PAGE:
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Ashtavinayaka
Ashtavinayaka
Ashtavinayaka
(Marathi: अष्टविनायक) literally means "eight Ganeshas" in Sanskrit. Ganesh
Ganesh
is the Hinduism/ Hindu
Hindu
deity of unity, prosperity & learning and removes obstacles. The term refers to eight Ganeshas. Ashtavinayaka
Ashtavinayaka
yatra trip refers to a pilgrimage to the eight Hindu
Hindu
temples in Maharashtra
Maharashtra
state of India that house eight distinct idols of Ganesha, in a pre-ascertained sequence. The Ashtavinayaka
Ashtavinayaka
yatra or pilgrimage covers the eight ancient holy temples of Ganesha
Ganesha
which are situated around Pune. Each of these temples has its own individual legend and history, as distinct from each other as the murtis in each temple
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Om
Om ( listen (help·info), IAST: Auṃ or Oṃ, Devanagari: ॐ) is a sacred sound and a spiritual icon in Hindu
Hindu
religion.[1][2] It is also a mantra in Hinduism, Buddhism, Jainism[3][4], and Sikhism. Om is part of the iconography found in ancient and medieval era manuscripts, temples, monasteries and spiritual retreats in Hinduism, Buddhism, and Jainism.[5][6] The symbol has a spiritual meaning in all Indian dharmas, but the meaning and connotations of Om vary between the diverse schools within and across the various traditions. In Hinduism, Om is one of the most important spiritual symbols.[7][8] It refers
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Asuras
Asuras (Sanskrit: असुर) are a class of divine beings or power-seeking deities related to the more benevolent devas (also known as suras) in Hindu mythology. Asuras are sometimes considered nature spirits. They battle constantly with the devas.[1] Asuras are described in Indian texts as powerful superhuman demigods or demons with good or bad qualities. The good Asuras are called Adityas and are led by Varuna, while the malevolent ones are called Danavas and are led by Vritra.[2] In the earliest layer of Vedic texts Agni, Indra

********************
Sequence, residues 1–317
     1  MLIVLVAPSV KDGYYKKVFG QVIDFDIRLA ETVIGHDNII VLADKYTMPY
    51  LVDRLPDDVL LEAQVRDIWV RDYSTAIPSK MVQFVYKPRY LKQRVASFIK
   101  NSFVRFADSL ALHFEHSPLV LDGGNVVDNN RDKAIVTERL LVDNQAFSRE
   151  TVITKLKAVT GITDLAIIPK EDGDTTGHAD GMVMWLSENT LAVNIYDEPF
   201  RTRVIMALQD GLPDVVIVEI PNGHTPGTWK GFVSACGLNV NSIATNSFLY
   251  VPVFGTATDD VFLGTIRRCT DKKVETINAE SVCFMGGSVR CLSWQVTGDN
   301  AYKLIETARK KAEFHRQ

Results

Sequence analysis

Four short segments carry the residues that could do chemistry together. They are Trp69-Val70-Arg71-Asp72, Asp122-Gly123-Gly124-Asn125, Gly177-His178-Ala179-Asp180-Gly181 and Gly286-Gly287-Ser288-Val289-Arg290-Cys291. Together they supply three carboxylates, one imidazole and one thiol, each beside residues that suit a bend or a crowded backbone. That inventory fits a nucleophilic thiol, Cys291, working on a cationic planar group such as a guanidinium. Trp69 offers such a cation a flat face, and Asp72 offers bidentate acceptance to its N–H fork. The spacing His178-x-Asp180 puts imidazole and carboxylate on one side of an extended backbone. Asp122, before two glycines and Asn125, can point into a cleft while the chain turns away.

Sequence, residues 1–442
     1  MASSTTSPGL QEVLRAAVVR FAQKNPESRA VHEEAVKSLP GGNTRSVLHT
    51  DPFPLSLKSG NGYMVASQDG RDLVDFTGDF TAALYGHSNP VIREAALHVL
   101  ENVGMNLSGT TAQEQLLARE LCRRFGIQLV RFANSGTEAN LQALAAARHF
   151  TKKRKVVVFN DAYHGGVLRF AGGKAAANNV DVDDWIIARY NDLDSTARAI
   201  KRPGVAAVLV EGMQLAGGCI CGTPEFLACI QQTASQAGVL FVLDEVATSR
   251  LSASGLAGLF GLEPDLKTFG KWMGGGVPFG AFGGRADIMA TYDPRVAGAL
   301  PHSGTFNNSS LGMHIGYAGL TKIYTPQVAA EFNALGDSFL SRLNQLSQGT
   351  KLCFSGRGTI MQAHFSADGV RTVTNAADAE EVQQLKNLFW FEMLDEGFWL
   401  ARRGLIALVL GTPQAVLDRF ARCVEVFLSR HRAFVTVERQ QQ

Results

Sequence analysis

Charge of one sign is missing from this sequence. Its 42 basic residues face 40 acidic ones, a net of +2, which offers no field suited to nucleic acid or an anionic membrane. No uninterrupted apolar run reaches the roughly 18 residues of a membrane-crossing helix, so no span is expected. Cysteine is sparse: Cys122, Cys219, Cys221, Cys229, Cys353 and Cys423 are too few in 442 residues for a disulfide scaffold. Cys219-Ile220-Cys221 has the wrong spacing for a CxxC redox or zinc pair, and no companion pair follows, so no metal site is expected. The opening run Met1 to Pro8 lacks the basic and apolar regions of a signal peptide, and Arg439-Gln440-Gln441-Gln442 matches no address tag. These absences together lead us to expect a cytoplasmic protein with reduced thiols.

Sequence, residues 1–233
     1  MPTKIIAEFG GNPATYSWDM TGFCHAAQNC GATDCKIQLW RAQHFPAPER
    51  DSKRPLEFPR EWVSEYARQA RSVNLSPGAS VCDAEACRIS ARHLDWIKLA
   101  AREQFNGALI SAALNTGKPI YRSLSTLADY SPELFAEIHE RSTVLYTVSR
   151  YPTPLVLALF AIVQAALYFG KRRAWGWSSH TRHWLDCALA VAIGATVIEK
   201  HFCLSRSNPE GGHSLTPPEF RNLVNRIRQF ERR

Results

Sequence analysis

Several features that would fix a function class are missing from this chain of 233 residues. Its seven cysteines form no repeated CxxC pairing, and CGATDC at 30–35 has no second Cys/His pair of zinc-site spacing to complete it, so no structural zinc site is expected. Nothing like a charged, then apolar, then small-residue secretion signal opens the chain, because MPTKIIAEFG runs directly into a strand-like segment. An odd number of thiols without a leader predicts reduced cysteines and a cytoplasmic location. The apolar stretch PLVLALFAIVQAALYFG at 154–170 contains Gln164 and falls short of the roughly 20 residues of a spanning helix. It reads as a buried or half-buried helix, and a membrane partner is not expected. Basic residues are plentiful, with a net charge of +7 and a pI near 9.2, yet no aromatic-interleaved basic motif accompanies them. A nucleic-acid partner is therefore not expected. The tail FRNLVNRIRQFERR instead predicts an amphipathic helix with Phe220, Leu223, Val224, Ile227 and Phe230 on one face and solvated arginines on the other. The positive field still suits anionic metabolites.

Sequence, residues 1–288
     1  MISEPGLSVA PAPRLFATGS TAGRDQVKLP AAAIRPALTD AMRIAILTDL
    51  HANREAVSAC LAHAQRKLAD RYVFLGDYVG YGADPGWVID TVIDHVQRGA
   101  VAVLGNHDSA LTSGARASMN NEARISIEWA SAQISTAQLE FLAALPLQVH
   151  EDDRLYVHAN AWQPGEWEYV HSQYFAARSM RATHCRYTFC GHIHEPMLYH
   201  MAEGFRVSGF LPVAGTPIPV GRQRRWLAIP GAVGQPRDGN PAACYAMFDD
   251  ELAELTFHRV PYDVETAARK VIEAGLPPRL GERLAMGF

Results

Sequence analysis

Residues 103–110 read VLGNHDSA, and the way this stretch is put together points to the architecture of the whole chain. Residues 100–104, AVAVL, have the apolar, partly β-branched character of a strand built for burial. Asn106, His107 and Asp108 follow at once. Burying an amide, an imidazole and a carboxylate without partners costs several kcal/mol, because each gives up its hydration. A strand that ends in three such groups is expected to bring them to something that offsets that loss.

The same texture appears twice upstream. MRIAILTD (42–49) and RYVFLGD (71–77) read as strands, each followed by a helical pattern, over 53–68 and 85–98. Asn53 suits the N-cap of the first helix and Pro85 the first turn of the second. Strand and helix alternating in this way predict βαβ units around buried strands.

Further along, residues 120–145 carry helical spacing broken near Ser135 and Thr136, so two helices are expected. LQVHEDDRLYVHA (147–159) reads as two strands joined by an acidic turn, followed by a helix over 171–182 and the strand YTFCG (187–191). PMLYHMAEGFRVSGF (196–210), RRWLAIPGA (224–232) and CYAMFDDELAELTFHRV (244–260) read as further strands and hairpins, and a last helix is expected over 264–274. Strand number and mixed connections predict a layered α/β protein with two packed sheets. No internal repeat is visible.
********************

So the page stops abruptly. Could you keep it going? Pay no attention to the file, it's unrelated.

Indra
and other gods are also called Asuras, in the sense of them being "lords" of their respective domains, knowledge and abilities. In later Vedic and post-Vedic texts, the benevolent gods are called Devas, while malevolent Asuras compete against these Devas and are considered "enemy of the gods" or demons.[3] Asuras are part of Indian mythology along with Devas, Yakshas (nature spirits) and Rakshasas (ghosts, ogres)
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Bahamani
The Bahmani Sultanate
Bahmani Sultanate
(also called the Bahmanid Empire or Bahmani Kingdom) was a Muslim state of the Deccan in South India
India
and one of the major medieval Indian kingdoms.[3] Bahmanid Sultanate was the first independent Muslim kingdom in South India.[4] The empire was established by Turkic general Ala-ud-Din Bahman Shah after revolting against the Delhi Sultanate
Delhi Sultanate
of Muhammad bin Tughlaq.[5] Nazir Uddin Ismail Shah who had revolted against the Delhi Sultanate stepped down on that day in favour of Bahman Shah. His revolt was successful, and he established an independent state on the Deccan within the Delhi Sultanate's southern provinces. The Bahmani capital was Hasanabad (Gulbarga) between 1347 and 1425 when it was moved to Muhammadabad (Bidar). The Bahmani contested the control of the Deccan with the Vijayanagara Empire
Vijayanagara Empire
to the south
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Minaret
Minaret
Minaret
(/ˌmɪnəˈrɛt, ˈmɪnəˌrɛt/;[1] Persian: مناره‎ menare, Azerbaijani: minarə, Turkish: minare,[2]), from Arabic: منارة‎ manāra, lit. "lighthouse", also known as Goldaste (Persian: گلدسته‎), is a distinctive architectural structure akin to a tower and typically found adjacent to mosques. Generally a tall spire with a conical or onion-shaped crown, usually either free-standing or taller than associated support structure. The basic form of a minaret includes a base, shaft, and gallery.[3] Styles vary regionally and by period